Investors seeking attractive fixed-income returns over the next five years should look beyond “safe” developed economy sovereign bonds that dominate portfolios and explore opportunities in the better-valued emerging market debt space.
Historically, adding emerging market bonds to traditional fixed-income portfolios increased returns without the cost of additional risk.
Bonds are expected to face a rough ride over the coming years. Very low starting yields and rising inflationary pressures will place a substantial drag on the developed world’s sovereign bonds. Inflation is picking up –notwithstanding that oil prices have peaked – as global growth becomes synchronised and trade picks up from its recent doldrums.
In the US, a tight labour market points to nascent wage pressures and further tightening of Federal Reserve policy. The euro zone finally seems to be shaking off the after-effects of the crisis that struck across its periphery in 2011. Japan is growing steadily. And some of the recently struggling emerging market economies have shown signs of stabilisation.
Over the longer term, price pressures will persist amid central banks’ willingness to tolerate higher inflation rates than they have done in the past, stronger wage growth underpinned by minimum wage legislation, and potential after-effects of years of effects of quantitative easing.
Bond markets have started to reflect this good economic news. Yields edged up from last summer’s lows, particularly in the wake of the US presidential election as people anticipated that Donald Trump’s policies would further spur growth. Even so, about a fifth of the JPM GBI index of leading government bonds, worth nearly US$10 trillion, still register negative yields. These very rich valuations suggest developed economy sovereign bonds will continue to struggle through the cyclical recovery.
Less frequented parts of the fixed income universe – such as emerging markets – offer investors attractive prospects, as they currently benefit from substantial spreads over developed market sovereigns. Local currency emerging market bonds currently yield 6.4 per cent while emerging market hard currency bonds offer 5.3 per cent versus 1.4 per cent for developed market bonds.
What’s more, economic fundamentals are a lot friendlier to emerging market bonds than they are to their developed counterparts.
Take inflation; over the coming five years, we expect consumer price inflation in developed economies to rise to 2.1 per cent from 0.7 per cent in 2016. By contrast, inflation is expected to moderate to 3.5 per cent in emerging economies from 3.7 per cent.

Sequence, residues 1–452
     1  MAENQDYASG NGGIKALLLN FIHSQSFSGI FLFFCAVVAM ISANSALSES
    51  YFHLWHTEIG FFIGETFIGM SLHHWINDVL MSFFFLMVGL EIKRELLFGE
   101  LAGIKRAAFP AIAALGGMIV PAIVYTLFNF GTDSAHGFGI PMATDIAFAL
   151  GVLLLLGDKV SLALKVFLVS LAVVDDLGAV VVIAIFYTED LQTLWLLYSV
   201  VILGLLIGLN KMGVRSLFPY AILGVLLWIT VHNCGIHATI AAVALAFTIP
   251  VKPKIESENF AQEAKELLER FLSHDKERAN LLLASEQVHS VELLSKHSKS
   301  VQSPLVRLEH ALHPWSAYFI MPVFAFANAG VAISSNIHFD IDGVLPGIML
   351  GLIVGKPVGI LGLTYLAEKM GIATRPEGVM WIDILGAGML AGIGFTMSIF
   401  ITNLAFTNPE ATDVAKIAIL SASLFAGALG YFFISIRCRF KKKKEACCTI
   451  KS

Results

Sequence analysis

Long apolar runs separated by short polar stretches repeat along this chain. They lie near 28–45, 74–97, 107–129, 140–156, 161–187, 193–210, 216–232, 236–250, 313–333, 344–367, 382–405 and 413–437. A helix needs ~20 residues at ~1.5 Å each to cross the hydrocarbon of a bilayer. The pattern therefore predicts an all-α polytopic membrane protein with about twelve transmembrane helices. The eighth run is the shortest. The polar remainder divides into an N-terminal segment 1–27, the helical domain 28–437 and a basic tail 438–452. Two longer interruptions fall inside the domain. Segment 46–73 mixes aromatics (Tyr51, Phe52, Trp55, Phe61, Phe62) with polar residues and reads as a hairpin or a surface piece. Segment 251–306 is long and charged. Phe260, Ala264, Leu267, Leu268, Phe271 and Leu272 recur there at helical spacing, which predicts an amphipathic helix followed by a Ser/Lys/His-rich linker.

Emerging market economies are also likely to grow faster than their developed rivals. We forecast emerging market real GDP to expand by 4.5 per cent a year over the next five years against an annual growth rate of just 1.6 per cent for developed countries.
A number of emerging economies are also benefiting from domestic reforms, including a shift to market-orientated policies.
A good example is India, where the prime minister, Narendra Modi, is implementing anti-graft measures and tax simplification steps that might yet pave the way for the country to reach its potential.
In the Middle East, oil prices remain the most important economic driver. Their sharp fall in 2015 forced GCC countries to initiate fiscal reforms and economic diversification that should lead to economic prosperity in the region. In the meantime, fiscal consolidation along with gradual recovery in oil prices should improve their public finances. In particular, in Saudi Arabia, the Aramco IPO in 2018 is expected to increase non-resident capital inflows.
There are, of course, exceptions – Brazil, for example, is again being rocked by political corruption scandals; or Turkey, where a shift to autocratic rule might be supportive of the economy over the short term, but at a cost of long-term stability.
Overall, emerging market countries with improving fundamentals and those with more worrying prospects seem to be in balance. That’s reflected in a more mixed pace of economic reforms after a generally positive trend in recent years, according to the OECD. Yet even in light of this uncertainty, emerging market bonds offer investors an attractive risk premium.
The relatively stable economic outlook, subdued inflation and attractive starting yields are forecast to bring 8.1 per cent in annual returns for emerging market local debt and 3.3 per cent on emerging market hard currency bonds (in US dollar terms) over the next five years.
By contrast, we expect the total annual return on the JPM GBI index of developed government bonds to be about 1.7 per cent, also in dollars.
A model portfolio of 80 per cent developed world government bonds and 20 per cent equally split allocation to emerging market hard currency and local currency bonds (unhedged) will generate an annual return of 2.5 per cent over the next 5 years, which compares favourably with the 1.7 per cent expected return for developed bonds.
This is in line with past experience. During the 2003-2017 period, a similar portfolio would have outperformed developed world government bonds by 87 basis points per year while exhibiting the same level of risk.
And since the start of 2003, a combined 50 per cent emerging market hard currency and 50 per cent local currency bond portfolio would have generated an annualised return of 8.3 per cent, more than 4 percentage points in excess of the developed market index, albeit with substantially higher levels of risk.
In a nutshell, despite a difficult environment for bonds, investors can find attractive fixed income returns in the emerging market debt space.
Luca Paolini is the chief strategist at Pictet Asset Management